If you can read this, either the style sheet didn't load or you have an older browser that doesn't support style sheets. Try clearing your browser cache and refreshing the page.

(Nola.com)   Despite what the big brown doey eyes of the therapy peacock tell you, it's time to ban emotional support animals   ( nola.com) divider line
    More: Sad  
•       •       •

5923 clicks; posted to Main » on 13 Mar 2018 at 1:13 AM (18 weeks ago)   |   Favorite    |   share:  Share on Twitter share via Email Share on Facebook   more»



160 Comments     (+0 »)
 
View Voting Results: Smartest and Funniest


Oldest | « | 1 | 2 | 3 | 4 | » | Newest | Show all

 
2018-03-13 01:16:25 AM  
The rare headline that asks a question for which the answer is "YES!!!"
 
2018-03-13 01:16:45 AM  
Then however will I endure being in public?

s.yimg.comView Full Size
 
2018-03-13 01:17:43 AM  
Service animals have been around for a long time in the form of seeing-eye dogs for the blind.

If you're going to say that depression or anxiety is a disease, then it flows from that that service animals ought to be allowed for someone who needs it regardless of their disease, as long as the animal is there for assistance and not just as a pet.
 
2018-03-13 01:18:01 AM  
Are fake emotional support animals really a thing? Sure, I am aware that people will try to game the system. I even knew a guy who did that (got a hilariously untrained "handicap-assistance" dog when my apartment complex had banned pets.) But, is it big enough of a problem to warrant any kind of broad ban against them? It seems like it would be something less common than welfare fraud, another thing that certain parties wring their hands over.
 
2018-03-13 01:20:49 AM  
Great. Now my emotional support swarm of locusts are all abuzz and I have to calm them down. Oh, the irony.
 
2018-03-13 01:22:28 AM  
What about those of us who need a support animal for our lack of emotions?
 
2018-03-13 01:23:57 AM  
I intend to stand firm and let the peacocks multiply, for I am sure that, in the end, the last word will be theirs. -- Flannery O'Connor
 
2018-03-13 01:29:08 AM  

AverageAmericanGuy: Service animals have been around for a long time in the form of seeing-eye dogs for the blind.

If you're going to say that depression or anxiety is a disease, then it flows from that that service animals ought to be allowed for someone who needs it regardless of their disease, as long as the animal is there for assistance and not just as a pet.


Real service dogs get years of training. We are talking tens of thousands of doĺlars worth of training if someone had to pay it. Getting a note from your doctor to let you have a pet that might not even be trainable is making a mockery of the system.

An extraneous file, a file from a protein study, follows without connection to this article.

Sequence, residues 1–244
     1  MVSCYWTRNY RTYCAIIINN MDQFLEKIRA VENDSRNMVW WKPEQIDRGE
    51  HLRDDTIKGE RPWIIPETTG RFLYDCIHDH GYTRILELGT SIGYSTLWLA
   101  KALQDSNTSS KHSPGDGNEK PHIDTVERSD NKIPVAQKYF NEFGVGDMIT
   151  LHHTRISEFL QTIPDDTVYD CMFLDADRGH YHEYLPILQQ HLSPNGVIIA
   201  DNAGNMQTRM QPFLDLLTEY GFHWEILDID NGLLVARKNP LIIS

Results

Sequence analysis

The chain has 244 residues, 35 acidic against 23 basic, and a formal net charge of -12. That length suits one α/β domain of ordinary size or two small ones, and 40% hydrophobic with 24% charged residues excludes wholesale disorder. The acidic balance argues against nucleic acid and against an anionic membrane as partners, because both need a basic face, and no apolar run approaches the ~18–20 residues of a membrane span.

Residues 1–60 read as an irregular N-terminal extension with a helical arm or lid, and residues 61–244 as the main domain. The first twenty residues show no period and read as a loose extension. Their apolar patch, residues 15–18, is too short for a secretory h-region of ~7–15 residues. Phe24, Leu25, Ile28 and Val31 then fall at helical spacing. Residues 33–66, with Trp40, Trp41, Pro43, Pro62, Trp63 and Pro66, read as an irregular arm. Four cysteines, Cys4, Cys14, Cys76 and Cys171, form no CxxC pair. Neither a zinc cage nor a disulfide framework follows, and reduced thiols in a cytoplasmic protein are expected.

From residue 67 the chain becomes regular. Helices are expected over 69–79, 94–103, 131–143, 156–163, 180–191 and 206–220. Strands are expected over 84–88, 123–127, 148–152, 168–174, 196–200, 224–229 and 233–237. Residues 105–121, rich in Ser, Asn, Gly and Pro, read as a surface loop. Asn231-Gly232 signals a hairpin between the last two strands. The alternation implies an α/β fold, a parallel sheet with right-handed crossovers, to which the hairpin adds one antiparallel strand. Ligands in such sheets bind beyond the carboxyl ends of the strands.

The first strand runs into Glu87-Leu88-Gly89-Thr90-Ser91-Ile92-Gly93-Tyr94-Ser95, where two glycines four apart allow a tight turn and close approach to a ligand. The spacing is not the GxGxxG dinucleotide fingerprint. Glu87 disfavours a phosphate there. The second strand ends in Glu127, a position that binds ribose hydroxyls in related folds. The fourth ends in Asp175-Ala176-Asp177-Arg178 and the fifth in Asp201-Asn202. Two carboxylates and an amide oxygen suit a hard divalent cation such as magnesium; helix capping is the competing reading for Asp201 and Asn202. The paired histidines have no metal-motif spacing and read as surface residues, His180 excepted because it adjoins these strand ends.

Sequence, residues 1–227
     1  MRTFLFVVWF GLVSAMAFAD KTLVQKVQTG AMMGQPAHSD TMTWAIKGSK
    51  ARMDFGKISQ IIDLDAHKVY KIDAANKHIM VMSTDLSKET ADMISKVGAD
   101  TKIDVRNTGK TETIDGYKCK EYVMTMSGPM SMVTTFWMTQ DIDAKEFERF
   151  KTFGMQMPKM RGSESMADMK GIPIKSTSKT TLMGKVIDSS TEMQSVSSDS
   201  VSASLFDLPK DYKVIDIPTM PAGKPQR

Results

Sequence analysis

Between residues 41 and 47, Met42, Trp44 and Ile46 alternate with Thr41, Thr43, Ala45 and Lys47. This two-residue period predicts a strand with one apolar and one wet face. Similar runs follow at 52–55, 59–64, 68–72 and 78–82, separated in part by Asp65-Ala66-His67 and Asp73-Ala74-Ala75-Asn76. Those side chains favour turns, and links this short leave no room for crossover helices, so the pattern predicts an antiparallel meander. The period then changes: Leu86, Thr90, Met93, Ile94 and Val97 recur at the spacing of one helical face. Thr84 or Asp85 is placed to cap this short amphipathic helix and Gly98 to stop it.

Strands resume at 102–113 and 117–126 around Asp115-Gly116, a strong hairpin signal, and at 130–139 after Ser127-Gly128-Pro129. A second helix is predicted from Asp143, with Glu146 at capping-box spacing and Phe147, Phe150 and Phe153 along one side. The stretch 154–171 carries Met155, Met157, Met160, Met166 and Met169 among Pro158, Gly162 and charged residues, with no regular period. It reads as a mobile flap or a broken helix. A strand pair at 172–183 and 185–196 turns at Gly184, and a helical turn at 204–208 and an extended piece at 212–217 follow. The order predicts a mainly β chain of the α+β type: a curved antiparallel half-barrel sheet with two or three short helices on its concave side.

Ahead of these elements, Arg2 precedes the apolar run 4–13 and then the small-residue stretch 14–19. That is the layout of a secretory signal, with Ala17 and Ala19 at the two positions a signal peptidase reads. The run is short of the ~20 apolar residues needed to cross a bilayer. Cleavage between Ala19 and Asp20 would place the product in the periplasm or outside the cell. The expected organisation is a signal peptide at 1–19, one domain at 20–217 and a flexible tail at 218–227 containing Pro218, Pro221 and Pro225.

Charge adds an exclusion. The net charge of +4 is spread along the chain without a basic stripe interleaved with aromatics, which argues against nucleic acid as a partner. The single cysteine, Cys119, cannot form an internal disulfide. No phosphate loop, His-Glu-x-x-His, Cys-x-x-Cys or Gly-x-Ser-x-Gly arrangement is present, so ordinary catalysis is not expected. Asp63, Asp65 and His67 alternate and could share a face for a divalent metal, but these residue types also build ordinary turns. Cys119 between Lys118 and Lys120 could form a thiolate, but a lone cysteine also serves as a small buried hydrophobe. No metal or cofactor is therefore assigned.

2018-03-13 01:29:26 AM  
I'd have shot myself in the face by now if it weren't for my dog and even I think this stuff is bullshiat. Quit taking advantage of laws meant to help people that actually need the help.
 
2018-03-13 01:29:31 AM  
Emotional support animals should have some sort of training and regulation.  An "emotional support" peacock should be required to go through training and exposure to strange situations for some form of certification.

I don't think emotional support animals need the same training as actual service animals, but there has to be a happy medium.
 
2018-03-13 01:29:34 AM  

AverageAmericanGuy: Service animals have been around for a long time in the form of seeing-eye dogs for the blind.

If you're going to say that depression or anxiety is a disease, then it flows from that that service animals ought to be allowed for someone who needs it regardless of their disease, as long as the animal is there for assistance and not just as a pet.


There's a big difference between trained service animals and "emotional support" animals with Comic Sans "I'm working" badges.
 
2018-03-13 01:29:53 AM  
Yeah, we should just dope people up to their eyeballs with benzos the way nature intended!
 
2018-03-13 01:31:32 AM  

LoneWolf343: Are fake emotional support animals really a thing? Sure, I am aware that people will try to game the system. I even knew a guy who did that (got a hilariously untrained "handicap-assistance" dog when my apartment complex had banned pets.) But, is it big enough of a problem to warrant any kind of broad ban against them? It seems like it would be something less common than welfare fraud, another thing that certain parties wring their hands over.


Yes.  The abuse needs to be stopped.
 
2018-03-13 01:35:12 AM  
Along with children under 16 years of age.
 
2018-03-13 01:36:14 AM  
Isn't every pet an emotional support animal? If the definition of "emotional support animal" is an animal that makes me feel better, then we have two options. We can either allow pets on planes, in stores, restaurants, movie theaters, etc. and be done with it, or we can redefine the term to only include animals that are trained to, if nothing else, know how to behave in public places.

Personally I'm sick to death of hyperactive nervous ratdogs who clearly have no training whatsoever passing off as support animals because some entitled boomer with less common sense than a stick will raise an unholy stink if anybody says anything.
 
2018-03-13 01:39:44 AM  

wingedkat: Emotional support animals should have some sort of training and regulation.  An "emotional support" peacock should be required to go through training and exposure to strange situations for some form of certification.